Arguably, one of the most requested and popular feature requests submitted for cPanel & WHM has been the addition of the NGINX web server as an alternative to Apache. We have good news for those of you that have been asking: NGINX is coming.
Note: as NGINX support on cPanel & WHM servers is still experimental, it will not be available in the WHM graphic user interface right away. Be advised that this is a representation of how the interface may appear in later versions.
The First Step has Been Taken
cPanel has considered offering NGINX as an alternative to Apache for quite a long time. However, given the state of cPanel & WHM’s reliance on Apache at its very core, we determined that the process was too difficult to undertake at the time. We have spent significant time working toward de-coupling the product from a reliance on Apache. While our work is not yet complete, we have gotten far enough along that we were able to make some first steps toward integrating a different webserver.
Our research showed that the primary use case for people requesting NGINX support was WordPress sites, so that is where we focused this minimum viable product. We chose PHP-FPM as the PHP handler, as it is the handler that WordPress recommends and is already supported by cPanel & WHM. To take advantage of NGINX, you will need to enable PHP-FPM on all domains that serve PHP content.
A Few Caveats
NGINX does not completely replace Apache in this experimental release. cPanel & WHM still requires Apache for certain features (i.e., Mailman) to function correctly. In this iteration, Apache is moved to an alternate port as part of the installation of NGINX, and moved back to its previous state when NGINX is uninstalled.
Please also be forewarned, this is an EXPERIMENTAL release. As is the case with all EDGE and Experimental builds, we do not recommend running NGINX in a production environment unless the server administrator is very experienced, and has a rollback plan in place. There are going to be things that just don’t work within the product, which we expect. We will be looking for your feedback on anything that doesn’t seem to be working properly, and we’ll gladly iterate as time allows.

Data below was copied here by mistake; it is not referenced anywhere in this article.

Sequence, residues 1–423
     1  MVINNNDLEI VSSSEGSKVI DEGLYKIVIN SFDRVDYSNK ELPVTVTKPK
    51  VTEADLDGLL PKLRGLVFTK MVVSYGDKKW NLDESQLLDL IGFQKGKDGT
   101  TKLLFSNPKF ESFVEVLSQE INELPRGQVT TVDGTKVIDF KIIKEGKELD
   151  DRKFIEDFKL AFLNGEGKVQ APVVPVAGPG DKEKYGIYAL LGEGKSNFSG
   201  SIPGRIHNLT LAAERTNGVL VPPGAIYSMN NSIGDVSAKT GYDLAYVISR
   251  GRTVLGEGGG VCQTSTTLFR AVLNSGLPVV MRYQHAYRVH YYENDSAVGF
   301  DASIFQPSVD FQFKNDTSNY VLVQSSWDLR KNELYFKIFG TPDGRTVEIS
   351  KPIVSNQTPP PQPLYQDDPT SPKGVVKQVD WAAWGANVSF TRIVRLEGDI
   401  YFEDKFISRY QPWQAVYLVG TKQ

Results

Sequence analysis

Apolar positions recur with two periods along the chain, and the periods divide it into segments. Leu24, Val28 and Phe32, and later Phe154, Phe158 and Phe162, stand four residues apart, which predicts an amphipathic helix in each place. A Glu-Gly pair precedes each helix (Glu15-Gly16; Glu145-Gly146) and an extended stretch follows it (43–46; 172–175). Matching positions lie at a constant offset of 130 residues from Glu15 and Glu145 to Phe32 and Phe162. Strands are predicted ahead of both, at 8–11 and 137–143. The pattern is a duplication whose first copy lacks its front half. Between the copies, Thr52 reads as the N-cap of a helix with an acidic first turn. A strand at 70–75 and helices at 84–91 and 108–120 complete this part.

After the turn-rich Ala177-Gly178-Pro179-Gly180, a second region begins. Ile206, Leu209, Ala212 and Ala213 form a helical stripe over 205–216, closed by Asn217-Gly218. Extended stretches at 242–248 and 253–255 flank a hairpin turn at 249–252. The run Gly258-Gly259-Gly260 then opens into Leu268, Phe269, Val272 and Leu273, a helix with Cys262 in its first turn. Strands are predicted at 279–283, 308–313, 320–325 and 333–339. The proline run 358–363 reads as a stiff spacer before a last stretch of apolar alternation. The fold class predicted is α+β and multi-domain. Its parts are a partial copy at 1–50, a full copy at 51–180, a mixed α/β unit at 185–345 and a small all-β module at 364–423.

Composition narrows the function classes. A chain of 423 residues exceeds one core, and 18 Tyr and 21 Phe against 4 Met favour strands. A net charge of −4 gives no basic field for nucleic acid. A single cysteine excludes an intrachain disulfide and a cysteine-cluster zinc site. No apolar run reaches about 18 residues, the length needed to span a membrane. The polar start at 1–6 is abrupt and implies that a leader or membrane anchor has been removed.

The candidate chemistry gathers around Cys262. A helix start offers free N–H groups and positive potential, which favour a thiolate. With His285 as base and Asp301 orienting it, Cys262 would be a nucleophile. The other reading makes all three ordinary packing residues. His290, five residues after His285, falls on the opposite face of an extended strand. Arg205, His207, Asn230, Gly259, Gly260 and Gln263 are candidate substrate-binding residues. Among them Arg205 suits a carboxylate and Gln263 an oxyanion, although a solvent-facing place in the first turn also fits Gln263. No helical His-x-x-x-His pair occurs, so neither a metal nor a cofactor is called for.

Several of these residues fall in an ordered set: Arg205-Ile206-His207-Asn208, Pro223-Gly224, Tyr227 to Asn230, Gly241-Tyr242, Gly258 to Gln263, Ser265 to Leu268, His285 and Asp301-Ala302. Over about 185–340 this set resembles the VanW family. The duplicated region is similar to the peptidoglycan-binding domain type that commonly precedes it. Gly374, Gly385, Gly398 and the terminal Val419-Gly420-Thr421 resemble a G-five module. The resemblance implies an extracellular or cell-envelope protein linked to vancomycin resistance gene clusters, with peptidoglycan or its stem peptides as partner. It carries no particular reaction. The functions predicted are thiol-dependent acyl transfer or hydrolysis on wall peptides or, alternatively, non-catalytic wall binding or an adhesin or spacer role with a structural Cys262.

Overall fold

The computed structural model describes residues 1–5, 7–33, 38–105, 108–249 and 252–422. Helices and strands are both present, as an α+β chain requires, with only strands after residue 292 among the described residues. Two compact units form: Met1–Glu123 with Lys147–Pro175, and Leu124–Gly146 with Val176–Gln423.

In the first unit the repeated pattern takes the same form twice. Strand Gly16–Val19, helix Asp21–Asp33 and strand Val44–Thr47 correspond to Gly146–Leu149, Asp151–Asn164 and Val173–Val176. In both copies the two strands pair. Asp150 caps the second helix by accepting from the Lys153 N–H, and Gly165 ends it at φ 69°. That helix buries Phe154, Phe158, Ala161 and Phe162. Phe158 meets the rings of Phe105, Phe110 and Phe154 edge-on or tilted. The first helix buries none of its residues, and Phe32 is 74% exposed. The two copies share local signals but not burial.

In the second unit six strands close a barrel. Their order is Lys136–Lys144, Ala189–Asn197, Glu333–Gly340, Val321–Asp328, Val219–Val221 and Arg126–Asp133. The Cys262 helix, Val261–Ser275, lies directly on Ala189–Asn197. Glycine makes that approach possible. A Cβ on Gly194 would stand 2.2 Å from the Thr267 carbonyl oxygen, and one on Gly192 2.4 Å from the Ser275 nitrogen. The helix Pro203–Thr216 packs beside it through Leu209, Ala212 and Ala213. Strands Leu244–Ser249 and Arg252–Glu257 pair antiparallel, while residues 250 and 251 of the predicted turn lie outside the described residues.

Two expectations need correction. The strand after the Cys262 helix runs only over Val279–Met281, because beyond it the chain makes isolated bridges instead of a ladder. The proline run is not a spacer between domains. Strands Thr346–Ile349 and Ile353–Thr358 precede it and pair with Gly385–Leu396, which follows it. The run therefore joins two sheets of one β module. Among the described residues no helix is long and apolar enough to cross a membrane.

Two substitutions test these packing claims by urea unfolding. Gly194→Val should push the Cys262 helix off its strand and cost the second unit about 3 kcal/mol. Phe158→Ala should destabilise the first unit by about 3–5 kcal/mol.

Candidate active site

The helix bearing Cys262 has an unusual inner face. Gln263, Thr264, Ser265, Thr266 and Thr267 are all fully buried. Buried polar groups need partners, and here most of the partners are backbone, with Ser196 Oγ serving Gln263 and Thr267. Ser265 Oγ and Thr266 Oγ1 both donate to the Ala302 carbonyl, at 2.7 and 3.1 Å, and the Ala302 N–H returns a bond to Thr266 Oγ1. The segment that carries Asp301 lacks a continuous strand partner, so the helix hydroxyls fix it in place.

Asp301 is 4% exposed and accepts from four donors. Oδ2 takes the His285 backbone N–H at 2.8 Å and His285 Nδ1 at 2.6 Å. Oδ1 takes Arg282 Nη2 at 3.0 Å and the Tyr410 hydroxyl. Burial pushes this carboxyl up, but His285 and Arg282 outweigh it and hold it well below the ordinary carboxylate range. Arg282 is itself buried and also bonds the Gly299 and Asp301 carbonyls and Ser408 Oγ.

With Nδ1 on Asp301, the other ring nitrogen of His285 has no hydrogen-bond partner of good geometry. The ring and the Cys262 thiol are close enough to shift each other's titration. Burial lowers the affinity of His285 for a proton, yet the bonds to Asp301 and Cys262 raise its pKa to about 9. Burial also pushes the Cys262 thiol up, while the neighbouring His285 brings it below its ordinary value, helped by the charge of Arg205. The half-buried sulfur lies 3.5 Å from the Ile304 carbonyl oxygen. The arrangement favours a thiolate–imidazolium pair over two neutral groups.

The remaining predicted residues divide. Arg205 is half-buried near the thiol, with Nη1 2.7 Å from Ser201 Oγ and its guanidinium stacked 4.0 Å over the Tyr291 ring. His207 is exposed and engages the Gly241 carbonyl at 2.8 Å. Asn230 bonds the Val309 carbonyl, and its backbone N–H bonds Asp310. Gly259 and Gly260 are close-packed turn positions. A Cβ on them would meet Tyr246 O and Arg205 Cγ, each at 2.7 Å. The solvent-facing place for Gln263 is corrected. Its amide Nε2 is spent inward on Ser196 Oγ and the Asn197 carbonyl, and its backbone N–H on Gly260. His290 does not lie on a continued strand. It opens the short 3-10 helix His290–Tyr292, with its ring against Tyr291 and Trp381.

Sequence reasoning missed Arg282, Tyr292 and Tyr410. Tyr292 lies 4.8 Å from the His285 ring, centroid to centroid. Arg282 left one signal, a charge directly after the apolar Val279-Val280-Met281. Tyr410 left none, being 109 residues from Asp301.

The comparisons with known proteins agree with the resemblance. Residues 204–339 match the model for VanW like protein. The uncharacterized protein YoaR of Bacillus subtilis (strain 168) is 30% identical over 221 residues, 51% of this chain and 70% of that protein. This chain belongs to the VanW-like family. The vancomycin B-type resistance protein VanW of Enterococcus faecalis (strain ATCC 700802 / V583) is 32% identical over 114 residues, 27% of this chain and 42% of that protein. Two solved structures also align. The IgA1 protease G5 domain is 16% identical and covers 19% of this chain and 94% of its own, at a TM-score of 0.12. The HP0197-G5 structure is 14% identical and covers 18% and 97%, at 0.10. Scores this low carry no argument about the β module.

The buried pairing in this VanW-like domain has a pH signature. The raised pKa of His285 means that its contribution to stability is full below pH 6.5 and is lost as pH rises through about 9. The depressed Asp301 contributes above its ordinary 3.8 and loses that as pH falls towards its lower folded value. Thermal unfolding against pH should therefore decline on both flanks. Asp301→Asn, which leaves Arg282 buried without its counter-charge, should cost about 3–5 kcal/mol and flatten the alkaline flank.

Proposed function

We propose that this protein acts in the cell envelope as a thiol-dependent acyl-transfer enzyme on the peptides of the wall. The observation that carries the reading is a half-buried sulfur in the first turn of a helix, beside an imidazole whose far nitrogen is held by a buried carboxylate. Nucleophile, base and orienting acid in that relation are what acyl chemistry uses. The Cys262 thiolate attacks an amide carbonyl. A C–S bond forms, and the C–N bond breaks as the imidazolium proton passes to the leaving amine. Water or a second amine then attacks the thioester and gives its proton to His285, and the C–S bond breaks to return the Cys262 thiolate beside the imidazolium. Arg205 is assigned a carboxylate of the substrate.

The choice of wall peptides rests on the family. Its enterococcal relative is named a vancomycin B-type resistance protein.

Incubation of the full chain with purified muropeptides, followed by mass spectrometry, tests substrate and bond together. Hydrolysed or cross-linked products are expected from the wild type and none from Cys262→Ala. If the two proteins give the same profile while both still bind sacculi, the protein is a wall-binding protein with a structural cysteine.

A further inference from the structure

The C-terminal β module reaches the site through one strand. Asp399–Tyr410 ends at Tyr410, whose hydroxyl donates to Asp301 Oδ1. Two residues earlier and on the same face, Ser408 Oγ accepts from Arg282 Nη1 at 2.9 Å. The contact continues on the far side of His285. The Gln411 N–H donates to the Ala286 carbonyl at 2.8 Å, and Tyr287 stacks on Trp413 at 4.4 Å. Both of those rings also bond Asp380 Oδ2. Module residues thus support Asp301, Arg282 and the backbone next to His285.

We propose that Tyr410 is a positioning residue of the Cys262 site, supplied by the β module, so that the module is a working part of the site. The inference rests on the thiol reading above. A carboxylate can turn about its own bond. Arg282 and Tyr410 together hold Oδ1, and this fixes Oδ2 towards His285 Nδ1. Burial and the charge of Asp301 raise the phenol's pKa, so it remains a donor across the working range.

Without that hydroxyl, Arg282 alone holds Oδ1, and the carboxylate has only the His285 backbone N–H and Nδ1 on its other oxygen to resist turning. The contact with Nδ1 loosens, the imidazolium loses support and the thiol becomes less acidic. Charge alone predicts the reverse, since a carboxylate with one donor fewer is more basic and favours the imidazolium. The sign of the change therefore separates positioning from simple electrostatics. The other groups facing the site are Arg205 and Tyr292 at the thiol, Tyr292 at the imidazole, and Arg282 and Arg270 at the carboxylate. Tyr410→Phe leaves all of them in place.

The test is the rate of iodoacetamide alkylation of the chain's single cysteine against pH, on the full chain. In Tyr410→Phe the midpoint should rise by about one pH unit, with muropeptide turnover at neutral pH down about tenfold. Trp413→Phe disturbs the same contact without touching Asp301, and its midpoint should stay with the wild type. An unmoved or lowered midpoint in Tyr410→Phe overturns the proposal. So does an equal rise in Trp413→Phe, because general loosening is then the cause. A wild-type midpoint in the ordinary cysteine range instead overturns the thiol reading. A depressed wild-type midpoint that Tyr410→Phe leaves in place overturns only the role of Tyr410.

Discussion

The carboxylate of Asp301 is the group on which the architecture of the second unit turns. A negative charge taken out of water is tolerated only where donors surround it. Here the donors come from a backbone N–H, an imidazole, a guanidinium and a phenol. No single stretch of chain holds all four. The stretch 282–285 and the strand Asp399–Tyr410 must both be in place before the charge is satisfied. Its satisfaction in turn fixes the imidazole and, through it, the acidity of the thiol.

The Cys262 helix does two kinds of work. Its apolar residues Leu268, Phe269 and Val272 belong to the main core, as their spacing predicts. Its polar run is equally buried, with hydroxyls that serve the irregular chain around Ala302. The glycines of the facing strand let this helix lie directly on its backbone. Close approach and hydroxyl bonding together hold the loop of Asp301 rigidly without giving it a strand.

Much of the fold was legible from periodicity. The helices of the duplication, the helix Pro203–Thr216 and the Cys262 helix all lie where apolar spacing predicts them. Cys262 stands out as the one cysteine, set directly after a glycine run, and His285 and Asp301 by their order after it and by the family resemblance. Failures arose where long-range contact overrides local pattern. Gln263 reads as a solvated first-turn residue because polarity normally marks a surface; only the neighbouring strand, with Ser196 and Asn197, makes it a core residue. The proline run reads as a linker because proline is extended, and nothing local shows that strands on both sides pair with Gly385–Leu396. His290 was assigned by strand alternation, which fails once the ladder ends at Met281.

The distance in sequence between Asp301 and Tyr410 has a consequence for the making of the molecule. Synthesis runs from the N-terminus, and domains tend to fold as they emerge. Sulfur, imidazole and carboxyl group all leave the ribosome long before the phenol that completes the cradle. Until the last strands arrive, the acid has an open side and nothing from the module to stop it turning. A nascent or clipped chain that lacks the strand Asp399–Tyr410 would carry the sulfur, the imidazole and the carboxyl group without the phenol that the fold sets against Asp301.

At this time we can say for sure that mod_security rules will not work with NGINX, and .htaccess rewrite rules and restrictions will no longer apply. Meaning such rewrites as password protected directories will no longer work.
The Good News!
Instead of focusing on the portions of cPanel & WHM that won’t currently work with NGINX, here are the portions that we’ve tested and have shown that work normally:
So… How Do I Install It?
The installation process is pretty straightforward but requires root-level SSH access to your server. Once you’ve accessed your server, run the following commands:
> yum install ea4-experimental
> yum install ea-nginx
NGINX does not hook into cPanel & WHM at all, so if any configuration changes are made, you’ll need to manually run
/scripts/ea-nginx config --all to regenerate the NGINX configurations and reload the server. Adding this script to your root crontab when utilizing NGINX is one potential solution for servers where frequent changes are made.
What are we looking for?
We have decided to release this as experimental because we are fully aware that NGINX is not production ready for cPanel environment yet. Our goal is to gain feedback from you, the cPanel community, so we can gauge your wants and needs from NGINX as a feature, and build upon it for future iterations. As it stands right now, we are not planning to take NGINX into production as some important cPanel features do not currently function properly. Your feedback on NGINX will be extremely helpful in showing the value that it adds to the user base at large.
When will this go to production?
The answer to this is not a simple one. This release will help us gauge current interest in NGINX as an alternative to Apache, and help us get valuable feedback from the community. However, we don’t yet have a timeline for taking this implementation from experimental to production. Once we see the adoption of this experimental implementation and gain feedback from those users, the next step is correcting the problems that we know of. We then put the product through a rigorous testing period, ensuring no critical or major bugs are introduced, and that the feature meets our criteria for a production level feature. Only then will we begin to introduce it into the production environment.